Just when it appeared we had hit peak bacon—last week’s introduction of Sizzl, Oscar Meyer’s dating app for bacon lovers, could be pinpointed as the moment things jumped the shark—Chris Shepherd, the chef at Underbelly in Houston, found a way to improve the most popular ingredient of the past five years. Enter bacon sausage, ground up cured and smoked pork bellies stuffed into large format casing. Shepherd unveiled the dish at Feast Portland, and, no surprise, it was a hit. Yes, this is another bacon gimmick (though an admittedly tasty one that was easy to love), but it really revealed that as the bacon trend cools, another rises to take its place: the art of the smoke.
At Feast, in Portland, this new food movement manifested during the festival’s signature Smoked! event. Chefs from around the country were there to show off their skills with live fire, though most of them opted to stay in a comfort zone more appropriate for a backyard cookout. The air was filled with the smell of fat dripping on charcoal, and while some may argue this isn’t a true “smoking” method, chefs were able to coax that smoky flavor into their dishes.
One such example came from Paul Kahan of The Publican in Chicago. He tripled down on the smoky flavors, topping a slice of grilled bread with grilled beef tongue and honest-to-goodness smoked salmon roe. The char of the bread and tongue coupled with the smoky roe hit together creating a flavor bomb that users of liquid smoke could only dream to achieve. Meanwhile, a dessert built on cheese and pears from the chefs from Ox Restaurant got a cartridge of smoke from a smoking gun, which filled the air when the lid was removed.
— Nicole S. Young (@nicolesy) September 20, 2015
The most creative dish was also the one with the most tenuous connection to smoke. North Carolina chef Vivian Howard, from Chef & The Farmer, took a whole hog carcass that had been picked clean from the famous Skylight Inn restaurant, and made a pork stock from it. The liquid was used to braise cabbage, the leaves of which were grilled and served on top of a spoonful of slaw juice (a concoction that is exactly what it sounds like). Pig ear hushpuppies crowned the entire dish.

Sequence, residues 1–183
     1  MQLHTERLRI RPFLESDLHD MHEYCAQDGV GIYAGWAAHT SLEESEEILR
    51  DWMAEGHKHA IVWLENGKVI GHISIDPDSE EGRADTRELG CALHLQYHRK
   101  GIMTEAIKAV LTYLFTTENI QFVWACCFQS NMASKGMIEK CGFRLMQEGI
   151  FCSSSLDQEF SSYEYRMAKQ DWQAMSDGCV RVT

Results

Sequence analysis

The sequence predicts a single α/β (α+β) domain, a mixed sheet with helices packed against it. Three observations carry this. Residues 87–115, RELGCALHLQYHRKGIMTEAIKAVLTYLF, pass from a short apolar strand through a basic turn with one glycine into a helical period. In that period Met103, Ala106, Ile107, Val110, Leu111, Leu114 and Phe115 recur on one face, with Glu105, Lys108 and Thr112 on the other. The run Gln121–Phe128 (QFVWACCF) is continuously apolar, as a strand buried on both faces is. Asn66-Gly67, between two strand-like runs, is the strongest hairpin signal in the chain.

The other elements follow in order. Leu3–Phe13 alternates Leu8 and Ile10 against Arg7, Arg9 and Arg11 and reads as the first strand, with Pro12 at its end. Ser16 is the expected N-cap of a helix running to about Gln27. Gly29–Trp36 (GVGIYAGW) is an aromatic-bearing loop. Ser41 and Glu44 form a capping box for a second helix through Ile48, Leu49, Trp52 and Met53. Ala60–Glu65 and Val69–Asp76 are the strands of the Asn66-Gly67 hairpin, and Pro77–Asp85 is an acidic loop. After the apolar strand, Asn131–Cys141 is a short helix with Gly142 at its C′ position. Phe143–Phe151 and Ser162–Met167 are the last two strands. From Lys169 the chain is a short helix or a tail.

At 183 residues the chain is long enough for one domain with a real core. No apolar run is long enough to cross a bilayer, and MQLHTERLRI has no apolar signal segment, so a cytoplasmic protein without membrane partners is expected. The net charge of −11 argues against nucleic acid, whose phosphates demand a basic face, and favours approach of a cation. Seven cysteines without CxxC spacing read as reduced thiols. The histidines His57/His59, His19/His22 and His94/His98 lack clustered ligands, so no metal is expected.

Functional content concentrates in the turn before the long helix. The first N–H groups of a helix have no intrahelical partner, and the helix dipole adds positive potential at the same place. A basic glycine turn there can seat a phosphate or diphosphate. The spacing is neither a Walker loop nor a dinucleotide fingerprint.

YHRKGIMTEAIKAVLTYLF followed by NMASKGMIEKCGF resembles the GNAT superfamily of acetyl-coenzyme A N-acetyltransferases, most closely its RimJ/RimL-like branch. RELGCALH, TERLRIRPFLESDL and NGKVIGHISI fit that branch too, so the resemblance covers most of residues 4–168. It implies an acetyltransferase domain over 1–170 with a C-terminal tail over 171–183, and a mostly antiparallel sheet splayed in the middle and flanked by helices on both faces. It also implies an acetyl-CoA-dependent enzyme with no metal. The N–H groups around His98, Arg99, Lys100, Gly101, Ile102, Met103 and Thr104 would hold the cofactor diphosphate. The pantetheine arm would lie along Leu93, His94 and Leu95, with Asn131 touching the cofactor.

Howard’s dish might not have had an overtly smoky flavor, but it’s connection to North Carolina style barbecue was an important one to the chef. A more literal transference of smoke came at the booth of Portland’s Olympia Oyster Bar. They used an iQ Oak Barrel Smoker for their oysters on the half shell. You’ve seen smoked oysters next to the sardines at the grocery store, but these little babies brought back memories of campfires on the beach. If the Smoked! event had a mission, these oysters accomplished it.
While Howard’s dish might not have had an overtly smoky flavor, its homage to the smoking style of North Carolina barbecue was an important one to the chef and indicative of a great effort to tease nuance and depth out of a pretty straightforward cooking method.
A more literal transference of smoke could be found at the booth for Portland’s Olympia Oyster Bar. They used an iQ Oak Barrel Smoker to smoke their oysters on the half shell, an item that accomplished the greatest goal of taste and smell: to evoke deep memories, which, for me at least, was sitting by a campfire on the beach.
Another local product I tried was the cherrywood-smoked honey from Bee Local. Portland chef BJ Smith cold smokes the gooey ooze for them (there’s also a stronger oak-smoked version) at his Smokehouse Tavern restaurant. Often non-traditional smoke-infused products can get overwhelming, but this one shows some restraint while never letting you forget that it’s smoked. I bought a jar for my kitchen and keep finding items around the house that it livens up. Right now, I’m squirting it onto Corn Nuts. Seriously.
This smoked honey is just one example hundreds of smoked food products now available of shelves. In just a short trip through my local Central Market today, I could have picked up smoked salt, a whiskey sour mix made with smoked honey, smoked beer, Smokra, smoked mustard, and even fumée piquante (French for spiced up liquid smoke) that sells for a buck an ounce.
Even when there’s no smoke, the power of the association is enough to add it to the label. Such is the case with Mast Brothers Vanilla & Smoke chocolate bar, which contains no form of smoke. But this latest food craze should be of no surprise to the people who follow the Supermarket Guru, who predicted late last year that 2015 would be the year of “everything smoked” and that consumers should “look for even more smoked flavors to emerge into your favorite foods found on supermarket shelves, menus and recipes.” Restaurants and food festivals too, it would seem.
But as with many things, a rising tide lifts all ships. When the haute culinary scene embraces smoke flavors, it lends greater respect to the barbecue tradition. When chefs borrow tricks–or even some fat and discarded carcasses–from pitmasters to lend a creative touch to their dishes, that’s a development that everyone who is excited about barbecue can be excited about.